Immediately after the location of the college in Blacksburg, Governor Walker appointed Joseph R. Anderson, Robert Beverly, Harvey Black, Joseph Cloyd, D.E. DeJarnett, William A. Stuart, and William J. Sutherlin to the first Board of Visitors for the new college. By law, the Superintendent of Public Instruction in Virginia was to serve on the board ex officio. This provision brought William H. Ruffner to the board for the next ten years. He filled that position so ably that the college, by then a university, in 1976 created the Ruffner Medal to be awarded to the highest honor in the power of the Board of Visitors to award to anyone that the board so wished to honor.
The newly appointed board held its first meeting in Richmond, on March 25 and 26, 1872, and appointed Harvey Black as rector and Ruffner as clerk of the board. At the same time, a committee with Ruffner as chairman was appointed to draw up and present to the board a plan stating the purpose, the organization, and the plan of institution for the college. By agreement the next meeting was to be on July 18, 1872, at Montgomery White Sulphur Springs, a finishing resort near Blacksburg.
At that meeting, the board agreed that the purpose of the school was to further the education of the industrial class defined by the board as those who handled the tools or worked in the fields, mines, or workshops. It may be added that the records clearly indicate that "the people" of all walks of life ignored the definition and simply sent their sons to the college to be educated.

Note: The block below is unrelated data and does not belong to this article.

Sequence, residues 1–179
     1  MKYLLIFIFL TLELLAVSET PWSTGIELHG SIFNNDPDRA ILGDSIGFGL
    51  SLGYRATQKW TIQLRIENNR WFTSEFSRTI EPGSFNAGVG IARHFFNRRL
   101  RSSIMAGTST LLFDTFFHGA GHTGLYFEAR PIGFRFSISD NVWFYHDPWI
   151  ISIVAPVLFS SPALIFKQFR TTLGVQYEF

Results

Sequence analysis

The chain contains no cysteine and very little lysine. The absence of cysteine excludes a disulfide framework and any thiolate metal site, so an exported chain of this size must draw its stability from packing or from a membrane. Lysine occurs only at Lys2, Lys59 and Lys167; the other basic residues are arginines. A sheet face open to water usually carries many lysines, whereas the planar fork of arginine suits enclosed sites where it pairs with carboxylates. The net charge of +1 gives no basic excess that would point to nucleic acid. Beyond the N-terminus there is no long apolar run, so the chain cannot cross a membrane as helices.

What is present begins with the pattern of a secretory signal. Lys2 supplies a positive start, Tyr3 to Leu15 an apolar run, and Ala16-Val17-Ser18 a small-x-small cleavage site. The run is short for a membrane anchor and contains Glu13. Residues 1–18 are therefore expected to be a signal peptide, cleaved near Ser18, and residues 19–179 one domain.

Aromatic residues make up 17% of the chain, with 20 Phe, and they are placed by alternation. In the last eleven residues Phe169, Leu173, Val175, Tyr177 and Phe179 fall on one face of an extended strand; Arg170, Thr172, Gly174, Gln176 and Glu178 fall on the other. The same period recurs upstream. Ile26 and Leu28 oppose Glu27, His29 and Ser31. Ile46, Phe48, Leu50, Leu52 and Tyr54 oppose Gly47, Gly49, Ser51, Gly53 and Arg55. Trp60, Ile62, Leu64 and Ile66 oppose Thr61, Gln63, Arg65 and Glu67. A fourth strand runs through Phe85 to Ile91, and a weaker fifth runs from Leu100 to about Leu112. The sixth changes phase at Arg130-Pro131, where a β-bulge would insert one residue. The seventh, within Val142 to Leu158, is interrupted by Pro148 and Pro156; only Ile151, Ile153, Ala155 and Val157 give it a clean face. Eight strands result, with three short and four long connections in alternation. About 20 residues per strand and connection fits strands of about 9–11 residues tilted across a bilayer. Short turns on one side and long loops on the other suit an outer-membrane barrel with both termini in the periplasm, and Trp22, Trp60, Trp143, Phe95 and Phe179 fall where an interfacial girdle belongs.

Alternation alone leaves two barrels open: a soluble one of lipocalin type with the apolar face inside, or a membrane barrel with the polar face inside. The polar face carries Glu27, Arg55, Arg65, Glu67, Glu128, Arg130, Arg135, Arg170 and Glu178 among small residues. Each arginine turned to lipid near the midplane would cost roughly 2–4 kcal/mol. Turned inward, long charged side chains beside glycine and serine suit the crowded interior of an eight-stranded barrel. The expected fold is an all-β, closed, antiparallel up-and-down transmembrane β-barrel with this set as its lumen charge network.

With the purpose of the new school defined, the board agreed that this purpose could best be achieved, by establishing at Blacksburg a technical school with a liberal appendage. Then after appointing V.E. Shepherd treasurer and secretary, the board agreed to adjourn and meet next at Yellow Sulphur Springs, Montgomery County, to hear Ruffner's report and elect a president and faculty to teach in areas totally new to agricultural schools.
At this same meeting, the board also discarded Ruffner's idea of a strictly technical school and reorganized along the lines of a "literary" one.
Faced with electing a president from several applicants, the board duly elected Charles Landon Carter Minor as the first president of the VAMC. Minor, a native of Virginia at the time was on the faculty of Sewanee in Tennessee.
In electing Minor as president, the board passed over the applications of Thomas N. Conrad, who as president of the Preston and Olin Institute fully expected to be appointed to the presidency of the new college. Following the rejection, Conrad moved to nearby Christiansburg and became editor of the Montgomery Messenger, through which his scathing articles attacked the board whenever the board's actions met his disapproval. These articles often had an unfortunate effect on President Minor and succeeding administrations.